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Comedian Kyle Dunnigan on Amy Schumer, Standup, and Terrible Pitches

Comedian Kyle Dunnigan on Amy Schumer, Standup, and Terrible Pitches

Kyle Dunnigan is a frequent guest on the Howard Stern Show, currently writes for Inside Amy Schumer on Comedy Central, is a cohost of the Professor Blastoff podcast, and just wrapped a Midwest standup tour. He’ll be appearing in the Schumer-led comedy Trainwreck this summer. He was kind enough to do an interview with us, wherein he discusses his hilarious character Craig, his standup comedy beginnings in high school and the gems that get left on the cutting room floor.


The Nerdist: First off, thanks for doing the interview today. So let’s get started! Can you give us the non-Wikipedia bio blurb?

Kyle Dunnigan: I studied acting in college, which was maybe a waste of money, but I needed some time to grow up so it was a good thing. Then I went to New York and I did a lot of sketch and improv, and then at 25 I was like “oh, there’s no money in sketch and improv.” I did a talent show in high school, and it went okay but I got suspended so it soured my feeling toward standup a little bit. I wasn’t really that dirty, but it was a sensitive school. So then I started doing standup in New York and one of the managers of a club started managing me, and I was able to get a lot of spots to get better. And then I got the Montreal Festival, and I got Conan O’Brien off of that, and then I got an agent in LA off of that. I’ve done sketch shows, like Cedric the Entertainer Presents, and I did a Jamie Foxx sketch show. I do impressions on Howard Stern, and I do a podcast with Tig Notaro and David Huntsberger.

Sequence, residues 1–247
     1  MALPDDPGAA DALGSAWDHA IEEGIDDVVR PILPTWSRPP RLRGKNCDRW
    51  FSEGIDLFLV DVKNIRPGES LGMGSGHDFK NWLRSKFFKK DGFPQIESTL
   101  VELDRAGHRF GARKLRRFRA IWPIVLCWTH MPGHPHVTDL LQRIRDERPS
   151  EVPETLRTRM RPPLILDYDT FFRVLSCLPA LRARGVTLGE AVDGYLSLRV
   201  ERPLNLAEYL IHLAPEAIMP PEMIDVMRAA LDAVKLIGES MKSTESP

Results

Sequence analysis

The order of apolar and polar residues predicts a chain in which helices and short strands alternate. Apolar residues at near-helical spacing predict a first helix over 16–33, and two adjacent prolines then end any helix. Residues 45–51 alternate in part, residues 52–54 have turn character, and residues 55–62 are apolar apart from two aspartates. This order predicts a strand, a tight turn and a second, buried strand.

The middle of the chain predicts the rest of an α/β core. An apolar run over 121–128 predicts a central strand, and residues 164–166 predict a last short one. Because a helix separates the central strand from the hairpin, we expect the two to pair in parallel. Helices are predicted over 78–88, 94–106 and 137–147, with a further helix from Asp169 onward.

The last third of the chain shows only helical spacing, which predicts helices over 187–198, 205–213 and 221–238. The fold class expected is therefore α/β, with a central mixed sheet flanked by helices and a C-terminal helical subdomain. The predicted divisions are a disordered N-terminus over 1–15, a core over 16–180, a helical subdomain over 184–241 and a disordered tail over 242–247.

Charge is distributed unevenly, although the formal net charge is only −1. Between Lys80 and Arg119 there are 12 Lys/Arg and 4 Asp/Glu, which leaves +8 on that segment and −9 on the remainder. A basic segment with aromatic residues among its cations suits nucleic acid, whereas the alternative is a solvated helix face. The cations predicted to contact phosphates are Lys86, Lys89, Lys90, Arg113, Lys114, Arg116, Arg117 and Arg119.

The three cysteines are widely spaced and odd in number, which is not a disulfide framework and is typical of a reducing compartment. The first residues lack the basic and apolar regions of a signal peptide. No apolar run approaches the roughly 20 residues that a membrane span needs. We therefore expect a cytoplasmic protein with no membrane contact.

N: So with the high school experience pushing you more toward sketch and improv, when did you decide to give standup a try again in earnest?